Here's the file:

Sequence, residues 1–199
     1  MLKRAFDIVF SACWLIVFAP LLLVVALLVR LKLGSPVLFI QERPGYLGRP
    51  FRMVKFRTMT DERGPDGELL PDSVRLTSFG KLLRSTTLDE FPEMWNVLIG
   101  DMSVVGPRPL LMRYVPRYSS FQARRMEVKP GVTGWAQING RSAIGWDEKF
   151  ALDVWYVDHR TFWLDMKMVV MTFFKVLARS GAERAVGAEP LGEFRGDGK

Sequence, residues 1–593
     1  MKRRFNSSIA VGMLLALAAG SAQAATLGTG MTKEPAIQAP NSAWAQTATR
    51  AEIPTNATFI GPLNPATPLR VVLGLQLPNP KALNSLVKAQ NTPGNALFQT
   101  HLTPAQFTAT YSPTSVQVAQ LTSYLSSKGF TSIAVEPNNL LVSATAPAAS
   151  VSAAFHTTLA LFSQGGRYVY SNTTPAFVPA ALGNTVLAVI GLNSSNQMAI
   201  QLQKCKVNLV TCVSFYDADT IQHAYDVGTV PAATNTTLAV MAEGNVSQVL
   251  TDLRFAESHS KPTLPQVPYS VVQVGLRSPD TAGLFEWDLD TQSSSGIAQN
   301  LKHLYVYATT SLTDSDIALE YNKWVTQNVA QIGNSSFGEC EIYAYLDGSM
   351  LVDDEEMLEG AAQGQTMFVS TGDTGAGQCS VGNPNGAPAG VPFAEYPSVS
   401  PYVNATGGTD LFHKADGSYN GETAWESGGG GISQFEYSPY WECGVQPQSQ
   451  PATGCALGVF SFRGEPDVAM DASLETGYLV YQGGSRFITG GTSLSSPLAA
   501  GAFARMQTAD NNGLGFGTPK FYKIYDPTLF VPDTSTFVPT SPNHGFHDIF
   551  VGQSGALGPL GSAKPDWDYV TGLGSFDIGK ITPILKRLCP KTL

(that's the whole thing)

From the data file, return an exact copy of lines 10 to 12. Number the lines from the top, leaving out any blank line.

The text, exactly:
   151  VSAAFHTTLA LFSQGGRYVY SNTTPAFVPA ALGNTVLAVI GLNSSNQMAI
   201  QLQKCKVNLV TCVSFYDADT IQHAYDVGTV PAATNTTLAV MAEGNVSQVL
   251  TDLRFAESHS KPTLPQVPYS VVQVGLRSPD TAGLFEWDLD TQSSSGIAQN